Remember my New Year’s resolution from a few weeks ago about being kinder to myself? I said that when I start to beat myself up, I would just remind myself about something I’m really good at? Well, I think it was a stroke of genius, if I do say so myself.
Now, I’m not saying that I’ve done it perfectly, but that’s okay — because I make fantastic pimento cheese. This has lightened the daily mental load tremendously.
I think Southern women are raised to let an enormous amount of shame into their daily lives. Don’t leave the house without lipstick. All of your china should match. Always wear clean underwear so that you won’t be embarrassed in front of the emergency room doctor when you get into that terrible accident one day. Don’t take homemade deviled eggs to the church social without a sprinkling of paprika for color. The list goes on.
Housekeeping is another one of those shame-based subjects that Southern women have to contend with. Not only does the house have to be spotless, it has to be well appointed to reflect the quality of your upbringing. You know, have enough crystal and china out for display so that everyone will know that you come from a respectable family.
I don’t know about you, but my house is beyond disorderly these days. We have lots of really cool things that reflect our personalities, but after spending over two years with the knowledge that no one was coming into our house, quality standards have slipped somewhat. Not that they were ever that great in the first place. Running a creative business like Down South House & Home and launching our sister company, Salvation South, have been distracting to say the least. And I’ve always looked at house cleaning as time that I couldn’t get back.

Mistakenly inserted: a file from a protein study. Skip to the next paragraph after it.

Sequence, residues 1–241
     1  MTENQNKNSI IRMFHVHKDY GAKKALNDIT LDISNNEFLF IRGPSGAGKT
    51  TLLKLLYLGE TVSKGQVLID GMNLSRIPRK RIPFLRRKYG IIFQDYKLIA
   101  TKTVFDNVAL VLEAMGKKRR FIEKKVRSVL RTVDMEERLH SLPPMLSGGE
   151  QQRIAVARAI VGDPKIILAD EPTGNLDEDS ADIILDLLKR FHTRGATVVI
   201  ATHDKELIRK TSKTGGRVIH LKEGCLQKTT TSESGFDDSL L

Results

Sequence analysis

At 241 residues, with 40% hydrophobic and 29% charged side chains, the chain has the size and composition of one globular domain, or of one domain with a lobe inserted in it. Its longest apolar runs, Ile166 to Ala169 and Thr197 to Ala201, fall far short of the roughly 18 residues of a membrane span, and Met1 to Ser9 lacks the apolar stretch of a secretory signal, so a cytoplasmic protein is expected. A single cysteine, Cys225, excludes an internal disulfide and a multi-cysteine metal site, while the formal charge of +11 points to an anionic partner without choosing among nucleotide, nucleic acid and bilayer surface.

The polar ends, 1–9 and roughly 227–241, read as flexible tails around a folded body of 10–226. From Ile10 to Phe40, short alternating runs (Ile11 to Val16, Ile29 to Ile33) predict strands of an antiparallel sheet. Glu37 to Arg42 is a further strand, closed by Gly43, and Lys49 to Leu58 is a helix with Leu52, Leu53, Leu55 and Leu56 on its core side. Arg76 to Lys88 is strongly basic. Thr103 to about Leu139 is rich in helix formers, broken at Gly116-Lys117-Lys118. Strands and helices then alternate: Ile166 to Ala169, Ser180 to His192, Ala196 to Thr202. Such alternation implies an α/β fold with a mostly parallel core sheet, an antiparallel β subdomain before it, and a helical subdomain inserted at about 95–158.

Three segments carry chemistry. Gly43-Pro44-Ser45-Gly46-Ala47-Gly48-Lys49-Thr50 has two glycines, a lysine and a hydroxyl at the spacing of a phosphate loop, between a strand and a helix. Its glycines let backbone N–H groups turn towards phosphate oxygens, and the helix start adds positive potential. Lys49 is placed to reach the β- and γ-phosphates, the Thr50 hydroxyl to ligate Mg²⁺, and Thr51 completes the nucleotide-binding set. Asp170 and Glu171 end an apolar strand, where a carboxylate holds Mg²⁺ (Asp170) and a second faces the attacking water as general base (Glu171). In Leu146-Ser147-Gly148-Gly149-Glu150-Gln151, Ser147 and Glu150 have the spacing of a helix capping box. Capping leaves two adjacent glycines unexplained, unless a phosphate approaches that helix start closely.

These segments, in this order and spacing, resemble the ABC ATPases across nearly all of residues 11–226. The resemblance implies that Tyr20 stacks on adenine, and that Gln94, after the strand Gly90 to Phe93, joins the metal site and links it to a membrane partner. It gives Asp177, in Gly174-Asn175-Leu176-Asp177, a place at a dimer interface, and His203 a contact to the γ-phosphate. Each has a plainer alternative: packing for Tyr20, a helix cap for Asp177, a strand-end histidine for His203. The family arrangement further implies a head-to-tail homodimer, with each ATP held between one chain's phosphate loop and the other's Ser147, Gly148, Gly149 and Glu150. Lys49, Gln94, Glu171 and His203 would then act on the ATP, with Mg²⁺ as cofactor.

The funny thing I’ve discovered about my New Year’s resolution is that when I started to feel better in my daily life, I started to find more reasons to feel even better. Cleaning has miraculously become a way for me to feel better fast. That dining room table full of mail? Gone. My Mason jars full of beans and rice on the kitchen counter? Disappeared into the proper place in the kitchen. Piles of magazines that I don’t need? Donated to the refugee community who can use them to learn English. Nothing herculean in these tasks — just 15 minutes worth of work here and there during the day. In fact, cleaning has become my new procrastination. I can feel better about not opening a spreadsheet if I know I’m about to make my life easier with a 15-minute spot cleaning (or even three minutes). Where before I would have made house cleaning a resolution that would have made me dread the next year, I have now found a way to make cleaning more enjoyable. I have long held on to the tiresome belief that if you were going to do a job, you have to do it perfectly. This belief made my simple tasks mushroom into me spending the whole day in chores. Whatever I did was not perfect enough, so I spent hours trying to do it perfectly enough. At the end of the day, it was still never perfect enough, and I was exhausted from my labors. In my mind, I would have created a week’s worth of tasks that I had to do before it was perfect enough knowing that even if I did them, things would not have been perfect enough — so why even bother? This new approach not only makes me even happier on a momentary basis, it fuels me toward doing lots of 15-minute tasks that make my life continuously better.
The daffodils are blooming here in Georgia and the pandemic is getting more manageable all the time. I’m so ready to cook some of my amazing fried chicken for some guests and serve it on my good china. By then, I won’t have to spend two weeks getting the house ready to have them over. And I can focus on making memories instead dreading cleaning the house. And that’s what life is really all about, isn’t it?
Got quick cleaning tips that you want to share with the Down South community? Put them in the comments below, and you might win a deviled egg plate in a drawing at the end of February!